DPS using plane to nab speeders
DPS using plane to nab speeders

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Photo radar cameras have brought a lot of controversy to Arizona. But it's not the only unconventional way the state is nabbing speeders. A relatively new DPS program uses an airplane to catche people breaking the law.
Officer Frank Valenzuela has pulled over driver Eric Williams for speeding.
"I clocked [him] at over 90 miles per hour," Valenzuela tells Williams.
But for this traffic stop Officer Valenzuela didn't use his radar: he used an eye in the sky.
"People that are driving around are never looking up in the air and even if they do spot an aircraft, they really don't know what that aircraft is doing," Valenzuela says.
The plane rotates around the state looking for lead feet. The pilot radios the information to officers on the ground. It's really not all that high tech. Some paint on the roads, a stop watch and some simple math.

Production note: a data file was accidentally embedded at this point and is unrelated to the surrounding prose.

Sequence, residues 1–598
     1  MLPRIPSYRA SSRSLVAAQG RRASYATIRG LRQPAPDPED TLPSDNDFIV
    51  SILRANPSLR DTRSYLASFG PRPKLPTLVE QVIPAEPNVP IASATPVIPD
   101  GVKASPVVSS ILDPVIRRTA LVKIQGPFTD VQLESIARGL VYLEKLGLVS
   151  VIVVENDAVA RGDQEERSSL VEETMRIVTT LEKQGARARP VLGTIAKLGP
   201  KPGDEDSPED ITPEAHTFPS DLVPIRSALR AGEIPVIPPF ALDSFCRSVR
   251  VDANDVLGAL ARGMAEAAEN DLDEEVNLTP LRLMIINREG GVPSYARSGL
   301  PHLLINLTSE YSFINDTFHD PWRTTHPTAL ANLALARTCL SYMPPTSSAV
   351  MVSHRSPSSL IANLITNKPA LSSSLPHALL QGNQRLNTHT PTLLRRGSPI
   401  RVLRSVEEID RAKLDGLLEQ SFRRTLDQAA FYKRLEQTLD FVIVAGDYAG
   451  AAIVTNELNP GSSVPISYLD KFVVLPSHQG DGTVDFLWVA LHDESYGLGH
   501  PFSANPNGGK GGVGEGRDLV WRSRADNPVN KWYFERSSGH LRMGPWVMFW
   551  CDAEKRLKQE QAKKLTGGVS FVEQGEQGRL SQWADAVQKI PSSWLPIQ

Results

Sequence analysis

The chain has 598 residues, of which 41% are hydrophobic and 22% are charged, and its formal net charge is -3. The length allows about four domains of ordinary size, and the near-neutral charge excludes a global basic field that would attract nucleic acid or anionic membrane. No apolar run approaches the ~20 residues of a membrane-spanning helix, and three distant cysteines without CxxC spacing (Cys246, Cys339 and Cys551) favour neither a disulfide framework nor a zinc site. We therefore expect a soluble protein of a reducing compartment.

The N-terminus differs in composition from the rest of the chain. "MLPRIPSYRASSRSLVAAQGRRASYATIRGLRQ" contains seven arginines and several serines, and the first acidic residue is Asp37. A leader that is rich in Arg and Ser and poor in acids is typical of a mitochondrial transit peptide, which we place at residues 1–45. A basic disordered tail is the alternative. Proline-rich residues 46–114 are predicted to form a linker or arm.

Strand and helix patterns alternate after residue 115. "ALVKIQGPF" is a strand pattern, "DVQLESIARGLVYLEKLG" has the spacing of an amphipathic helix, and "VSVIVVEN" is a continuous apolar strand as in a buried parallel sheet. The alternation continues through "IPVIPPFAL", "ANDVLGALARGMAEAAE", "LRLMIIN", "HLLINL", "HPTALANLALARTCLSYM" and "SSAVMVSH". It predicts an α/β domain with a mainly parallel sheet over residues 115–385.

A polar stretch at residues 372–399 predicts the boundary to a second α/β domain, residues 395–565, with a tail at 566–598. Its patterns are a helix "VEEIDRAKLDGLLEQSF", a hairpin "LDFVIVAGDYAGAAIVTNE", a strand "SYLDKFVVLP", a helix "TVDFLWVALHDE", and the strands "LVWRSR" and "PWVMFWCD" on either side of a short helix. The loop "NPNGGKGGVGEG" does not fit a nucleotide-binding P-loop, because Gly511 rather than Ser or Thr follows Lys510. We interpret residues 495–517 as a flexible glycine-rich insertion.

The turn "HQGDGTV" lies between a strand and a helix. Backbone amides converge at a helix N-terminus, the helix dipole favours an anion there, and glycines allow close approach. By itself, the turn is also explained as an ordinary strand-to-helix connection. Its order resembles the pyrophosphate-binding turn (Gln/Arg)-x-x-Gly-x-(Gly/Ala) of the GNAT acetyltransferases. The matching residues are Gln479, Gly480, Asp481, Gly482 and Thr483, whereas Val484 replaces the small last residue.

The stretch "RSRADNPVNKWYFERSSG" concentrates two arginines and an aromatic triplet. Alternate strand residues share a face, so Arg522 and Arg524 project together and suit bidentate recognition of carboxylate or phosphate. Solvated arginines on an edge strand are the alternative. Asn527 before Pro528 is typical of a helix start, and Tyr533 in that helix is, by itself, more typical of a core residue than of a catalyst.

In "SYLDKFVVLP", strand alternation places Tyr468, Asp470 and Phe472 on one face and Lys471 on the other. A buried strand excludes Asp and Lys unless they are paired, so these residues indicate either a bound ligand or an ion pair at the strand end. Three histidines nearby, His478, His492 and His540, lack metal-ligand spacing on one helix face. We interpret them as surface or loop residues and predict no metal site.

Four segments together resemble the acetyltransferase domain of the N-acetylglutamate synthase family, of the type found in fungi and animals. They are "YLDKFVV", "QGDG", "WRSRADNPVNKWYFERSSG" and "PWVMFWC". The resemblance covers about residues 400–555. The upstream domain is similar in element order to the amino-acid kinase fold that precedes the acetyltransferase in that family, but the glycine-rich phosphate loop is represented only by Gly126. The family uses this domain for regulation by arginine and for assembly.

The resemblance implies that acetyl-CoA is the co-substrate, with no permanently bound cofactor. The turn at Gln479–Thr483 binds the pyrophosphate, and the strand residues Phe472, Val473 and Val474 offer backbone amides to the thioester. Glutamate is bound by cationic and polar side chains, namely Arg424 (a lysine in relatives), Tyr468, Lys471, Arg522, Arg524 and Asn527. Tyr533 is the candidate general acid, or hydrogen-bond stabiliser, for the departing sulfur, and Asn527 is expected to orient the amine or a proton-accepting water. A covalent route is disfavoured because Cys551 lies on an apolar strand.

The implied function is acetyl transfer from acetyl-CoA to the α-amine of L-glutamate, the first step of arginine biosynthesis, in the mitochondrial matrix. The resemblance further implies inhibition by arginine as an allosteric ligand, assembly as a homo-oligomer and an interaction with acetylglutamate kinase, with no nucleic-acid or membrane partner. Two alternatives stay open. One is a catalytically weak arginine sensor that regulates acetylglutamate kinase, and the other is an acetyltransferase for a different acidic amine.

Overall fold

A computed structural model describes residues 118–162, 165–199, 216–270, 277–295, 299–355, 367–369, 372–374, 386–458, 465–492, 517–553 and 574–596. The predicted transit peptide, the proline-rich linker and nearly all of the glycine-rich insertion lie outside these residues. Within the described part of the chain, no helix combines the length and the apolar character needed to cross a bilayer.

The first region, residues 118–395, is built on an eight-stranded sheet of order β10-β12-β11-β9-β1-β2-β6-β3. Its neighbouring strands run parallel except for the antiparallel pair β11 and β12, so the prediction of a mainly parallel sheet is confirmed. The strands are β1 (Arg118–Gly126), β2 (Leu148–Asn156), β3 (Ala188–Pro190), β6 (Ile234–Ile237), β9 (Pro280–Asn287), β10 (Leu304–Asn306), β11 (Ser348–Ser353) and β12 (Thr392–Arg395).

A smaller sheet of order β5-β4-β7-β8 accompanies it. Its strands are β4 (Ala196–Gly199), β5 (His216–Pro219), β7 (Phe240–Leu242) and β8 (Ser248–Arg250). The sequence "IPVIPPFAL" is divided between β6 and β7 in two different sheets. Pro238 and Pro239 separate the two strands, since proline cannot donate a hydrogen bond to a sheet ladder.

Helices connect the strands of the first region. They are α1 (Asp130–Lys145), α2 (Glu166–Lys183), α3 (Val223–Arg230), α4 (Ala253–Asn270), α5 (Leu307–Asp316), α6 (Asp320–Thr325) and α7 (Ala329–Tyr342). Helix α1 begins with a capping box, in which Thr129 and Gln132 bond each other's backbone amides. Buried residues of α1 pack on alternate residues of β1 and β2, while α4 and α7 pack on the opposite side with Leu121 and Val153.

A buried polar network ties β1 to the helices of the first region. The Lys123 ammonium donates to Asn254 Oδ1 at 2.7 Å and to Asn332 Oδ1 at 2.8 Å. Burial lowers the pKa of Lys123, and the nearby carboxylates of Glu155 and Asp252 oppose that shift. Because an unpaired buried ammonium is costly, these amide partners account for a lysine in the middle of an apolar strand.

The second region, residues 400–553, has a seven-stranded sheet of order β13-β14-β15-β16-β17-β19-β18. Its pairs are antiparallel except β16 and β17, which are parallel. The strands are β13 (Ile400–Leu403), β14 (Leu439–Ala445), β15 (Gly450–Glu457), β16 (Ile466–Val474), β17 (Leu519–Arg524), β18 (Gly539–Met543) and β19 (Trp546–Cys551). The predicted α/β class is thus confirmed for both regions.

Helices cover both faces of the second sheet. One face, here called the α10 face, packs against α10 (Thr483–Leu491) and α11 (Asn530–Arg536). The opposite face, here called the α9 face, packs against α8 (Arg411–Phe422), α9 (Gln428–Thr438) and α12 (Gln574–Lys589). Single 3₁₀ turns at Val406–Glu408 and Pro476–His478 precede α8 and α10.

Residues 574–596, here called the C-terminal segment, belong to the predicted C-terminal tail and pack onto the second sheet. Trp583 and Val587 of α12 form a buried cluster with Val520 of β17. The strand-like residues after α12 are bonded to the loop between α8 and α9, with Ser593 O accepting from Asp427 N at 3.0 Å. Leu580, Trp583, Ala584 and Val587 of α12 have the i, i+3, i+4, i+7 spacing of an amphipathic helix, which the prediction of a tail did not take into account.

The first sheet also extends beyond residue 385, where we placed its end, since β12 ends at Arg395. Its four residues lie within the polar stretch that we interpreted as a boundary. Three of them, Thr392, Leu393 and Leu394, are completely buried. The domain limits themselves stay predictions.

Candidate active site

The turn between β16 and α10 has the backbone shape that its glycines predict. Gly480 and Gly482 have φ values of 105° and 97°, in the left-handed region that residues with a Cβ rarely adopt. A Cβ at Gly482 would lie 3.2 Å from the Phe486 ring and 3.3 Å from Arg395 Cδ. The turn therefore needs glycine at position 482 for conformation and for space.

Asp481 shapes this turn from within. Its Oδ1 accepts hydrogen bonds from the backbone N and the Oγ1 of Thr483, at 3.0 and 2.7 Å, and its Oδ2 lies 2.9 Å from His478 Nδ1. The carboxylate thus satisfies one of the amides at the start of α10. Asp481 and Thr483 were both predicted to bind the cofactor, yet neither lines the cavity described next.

The pilots, all sworn officers, look for other violations as well like tailgating or weaving through traffic.
"Our field of view is so much greater at 3 to 4 thousand feet. We can see many miles away," says pilot Jim Aye.
Eric Williams had no idea he was being clocked, until he saw the flashing lights in his rear view mirror.
"It didn't show up on my radar detector, I have one of those it picks up all the bands," Williams says.
Other drivers say they're just as surprised.
"I really didn't anticipate them clocking my speed using the aircraft," says driver David Clonts.
Whether it's on the ground or in the air, it's a reminder to slow down. It seems like it might cost a lot of money to run the program, but DPS says it is cost effective. A federal grant paid for the plane.